Building resilient systems is crucial in ensuring that applications can keep functioning even while facing unexpected failures and disruptions. In fact, designing systems that can bounce back quickly and effectively is essential for long-term success. In this episode, we speak with Software Developer Bart de Water, who will share his expertise on the principles and strategies for creating reliable systems that can withstand potential and even unexpected failures.
Bart de Water started his career working at a startup straight out of college. Later on, he moved to Montreal and joined the eCommerce platform Shopify to help develop their payment system. After six years of working at Shopify, Bart moved to Thatch, a brand-new application for managing health plan payments.
Bart became an expert in designing resilient systems after experiencing firsthand how easily small issues could grow to the point of taking down whole systems.
Manage timeouts and retries
“We were working on building a single sign-on system for the UK government called GOV.UK Verify,” Bart recalls. Upon launch, despite his product working as expected, it was taken down by a third-party backend service.
The service timeout tied the system threads to a 60-second wait; hence, they were as incapable of communicating with this third-party service as with any other request. A timeout sets a maximum time limit for a process or operation to complete: if the process or operation takes longer than the specified time, it will be terminated or canceled automatically by the system. However, in Bart’s anecdote, the long timeout of this service prevented the system from taking care of other critical tasks like sending email confirmation links or 2FA codes. “People were complaining that they couldn’t log in, they couldn’t complete their registration, even though our system was fine, it effectively was down because of this other system being down,” he says.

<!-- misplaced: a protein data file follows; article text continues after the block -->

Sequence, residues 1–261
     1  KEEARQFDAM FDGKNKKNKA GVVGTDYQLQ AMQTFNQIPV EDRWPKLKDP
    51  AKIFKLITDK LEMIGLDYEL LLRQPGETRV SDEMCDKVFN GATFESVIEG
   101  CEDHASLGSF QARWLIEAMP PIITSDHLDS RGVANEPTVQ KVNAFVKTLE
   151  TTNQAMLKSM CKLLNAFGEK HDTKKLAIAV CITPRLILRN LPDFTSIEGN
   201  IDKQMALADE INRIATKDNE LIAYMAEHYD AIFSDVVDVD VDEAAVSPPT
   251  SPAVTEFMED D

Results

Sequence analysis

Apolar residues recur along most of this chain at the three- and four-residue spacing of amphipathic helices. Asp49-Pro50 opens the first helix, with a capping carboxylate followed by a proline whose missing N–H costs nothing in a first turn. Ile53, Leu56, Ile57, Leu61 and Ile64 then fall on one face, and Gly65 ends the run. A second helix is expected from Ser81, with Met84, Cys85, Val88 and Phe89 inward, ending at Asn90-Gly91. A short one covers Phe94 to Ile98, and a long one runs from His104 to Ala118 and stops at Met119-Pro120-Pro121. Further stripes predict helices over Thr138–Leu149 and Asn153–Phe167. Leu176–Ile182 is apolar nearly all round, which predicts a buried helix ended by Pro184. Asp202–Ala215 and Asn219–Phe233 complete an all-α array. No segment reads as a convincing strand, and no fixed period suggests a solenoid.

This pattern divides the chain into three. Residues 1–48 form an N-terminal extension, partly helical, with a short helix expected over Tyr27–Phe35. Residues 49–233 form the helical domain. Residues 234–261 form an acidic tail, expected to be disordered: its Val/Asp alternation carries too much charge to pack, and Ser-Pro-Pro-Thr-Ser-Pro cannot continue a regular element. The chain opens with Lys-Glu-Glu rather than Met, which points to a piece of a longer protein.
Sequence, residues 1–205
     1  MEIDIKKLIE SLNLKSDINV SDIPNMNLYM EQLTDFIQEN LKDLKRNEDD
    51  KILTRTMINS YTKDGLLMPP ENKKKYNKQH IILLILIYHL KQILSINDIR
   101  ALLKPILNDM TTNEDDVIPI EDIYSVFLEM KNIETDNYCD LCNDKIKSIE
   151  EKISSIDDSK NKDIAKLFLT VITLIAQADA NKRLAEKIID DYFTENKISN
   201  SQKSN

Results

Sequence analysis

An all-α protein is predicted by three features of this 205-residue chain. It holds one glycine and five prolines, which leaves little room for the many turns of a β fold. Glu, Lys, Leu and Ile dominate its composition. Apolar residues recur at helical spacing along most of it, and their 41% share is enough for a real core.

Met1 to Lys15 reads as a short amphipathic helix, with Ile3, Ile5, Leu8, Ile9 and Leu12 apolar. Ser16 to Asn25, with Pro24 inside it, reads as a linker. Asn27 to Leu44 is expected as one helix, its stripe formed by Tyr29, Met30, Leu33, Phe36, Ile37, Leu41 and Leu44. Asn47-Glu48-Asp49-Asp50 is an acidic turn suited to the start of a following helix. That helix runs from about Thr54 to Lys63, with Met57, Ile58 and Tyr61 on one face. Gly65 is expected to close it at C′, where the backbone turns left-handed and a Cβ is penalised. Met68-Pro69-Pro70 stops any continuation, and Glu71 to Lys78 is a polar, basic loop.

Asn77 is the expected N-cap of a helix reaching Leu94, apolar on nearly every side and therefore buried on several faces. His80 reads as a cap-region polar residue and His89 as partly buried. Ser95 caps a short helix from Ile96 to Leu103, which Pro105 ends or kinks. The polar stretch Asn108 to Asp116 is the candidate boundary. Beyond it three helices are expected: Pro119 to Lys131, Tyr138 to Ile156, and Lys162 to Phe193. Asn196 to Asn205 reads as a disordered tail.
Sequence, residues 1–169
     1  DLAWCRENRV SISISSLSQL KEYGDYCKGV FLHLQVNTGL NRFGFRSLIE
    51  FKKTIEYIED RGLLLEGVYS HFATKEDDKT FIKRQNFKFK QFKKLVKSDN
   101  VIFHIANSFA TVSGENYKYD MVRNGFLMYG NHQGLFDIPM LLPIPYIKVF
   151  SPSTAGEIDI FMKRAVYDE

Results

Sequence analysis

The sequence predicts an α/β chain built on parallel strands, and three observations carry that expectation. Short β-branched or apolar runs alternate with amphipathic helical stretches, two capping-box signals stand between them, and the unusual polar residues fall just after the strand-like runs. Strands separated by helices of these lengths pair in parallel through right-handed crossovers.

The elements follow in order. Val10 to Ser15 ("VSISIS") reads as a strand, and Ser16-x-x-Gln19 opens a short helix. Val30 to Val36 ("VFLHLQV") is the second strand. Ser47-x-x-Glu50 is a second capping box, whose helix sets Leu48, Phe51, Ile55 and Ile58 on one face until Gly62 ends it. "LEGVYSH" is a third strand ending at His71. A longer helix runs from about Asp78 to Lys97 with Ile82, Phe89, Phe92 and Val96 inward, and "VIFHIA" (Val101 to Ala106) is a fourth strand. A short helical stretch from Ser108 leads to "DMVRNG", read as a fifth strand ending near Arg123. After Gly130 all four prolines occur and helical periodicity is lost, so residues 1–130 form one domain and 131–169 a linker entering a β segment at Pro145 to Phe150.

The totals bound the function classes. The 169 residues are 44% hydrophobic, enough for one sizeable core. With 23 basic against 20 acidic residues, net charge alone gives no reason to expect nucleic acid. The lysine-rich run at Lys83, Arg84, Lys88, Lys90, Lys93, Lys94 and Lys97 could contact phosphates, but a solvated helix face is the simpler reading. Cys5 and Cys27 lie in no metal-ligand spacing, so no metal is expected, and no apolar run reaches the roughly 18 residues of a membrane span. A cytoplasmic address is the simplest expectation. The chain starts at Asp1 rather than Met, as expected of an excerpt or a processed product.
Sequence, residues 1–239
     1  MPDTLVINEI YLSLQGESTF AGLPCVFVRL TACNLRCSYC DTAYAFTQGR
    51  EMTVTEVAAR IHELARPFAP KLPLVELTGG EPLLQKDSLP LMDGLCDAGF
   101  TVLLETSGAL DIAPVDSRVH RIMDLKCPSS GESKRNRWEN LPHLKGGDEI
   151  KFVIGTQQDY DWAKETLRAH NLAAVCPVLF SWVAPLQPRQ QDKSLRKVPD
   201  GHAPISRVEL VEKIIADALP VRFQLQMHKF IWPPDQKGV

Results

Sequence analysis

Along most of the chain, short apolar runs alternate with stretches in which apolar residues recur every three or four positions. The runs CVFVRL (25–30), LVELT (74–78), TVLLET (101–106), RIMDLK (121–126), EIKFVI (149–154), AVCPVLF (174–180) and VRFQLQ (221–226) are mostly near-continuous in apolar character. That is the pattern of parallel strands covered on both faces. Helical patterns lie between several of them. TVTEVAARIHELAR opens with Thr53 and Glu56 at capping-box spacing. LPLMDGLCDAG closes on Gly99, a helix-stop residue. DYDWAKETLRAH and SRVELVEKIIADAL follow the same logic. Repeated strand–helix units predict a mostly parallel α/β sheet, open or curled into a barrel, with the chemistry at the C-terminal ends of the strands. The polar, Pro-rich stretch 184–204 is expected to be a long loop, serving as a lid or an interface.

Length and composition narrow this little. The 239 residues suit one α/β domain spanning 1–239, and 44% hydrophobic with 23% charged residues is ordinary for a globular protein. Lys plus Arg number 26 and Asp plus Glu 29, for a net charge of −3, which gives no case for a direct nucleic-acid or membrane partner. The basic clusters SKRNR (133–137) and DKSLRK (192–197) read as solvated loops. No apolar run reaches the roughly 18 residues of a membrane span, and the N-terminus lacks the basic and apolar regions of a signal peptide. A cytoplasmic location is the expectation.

According to Bart, lowering timeouts can solve issues in which your system resources communicate with external systems whose uptime you have no control over. In this way, it is crucial to set timeouts for every external service your system calls and keep it reasonably low. The same applies to HTTP calls and data structure stores such as Redis. Likewise, Bart recommends keeping an eye open and studying your tools and languages to find and configure their timeouts, as “even internally in your programming language, there might be something like a foot gun waiting for you to stumble upon.”
Bart understands that how many retries you should let your service perform is context specific. Real-time processes with real-time requirements, such as card authorizations, can’t take long to retry. In turn, background jobs, such as “to backfill some data from your upstream provider,” taking longer to complete shouldn’t be an issue. In this case, Bart recommends implementing a Fibonacci sequence as a time interval between retries. In this way, it is possible to keep retrying yet without saturating the system: “you don’t care about how fast it’s done, just more that it eventually gets done.”
Bart affirms that “networks are inherently unreliable” to the point that, in some cases, the system can timeout and retry an already processed request. This can be particularly unsafe when processing sensitive data such as credit card payments and can result in duplicate transactions.
To address the issue of unwanted retries and add a layer of resiliency to the system, Bart recommends implementing idempotency keys. These unique and randomly generated keys can singularize and identify each request, preventing a given request from being processed more than once, even if the system sends the same request multiple times.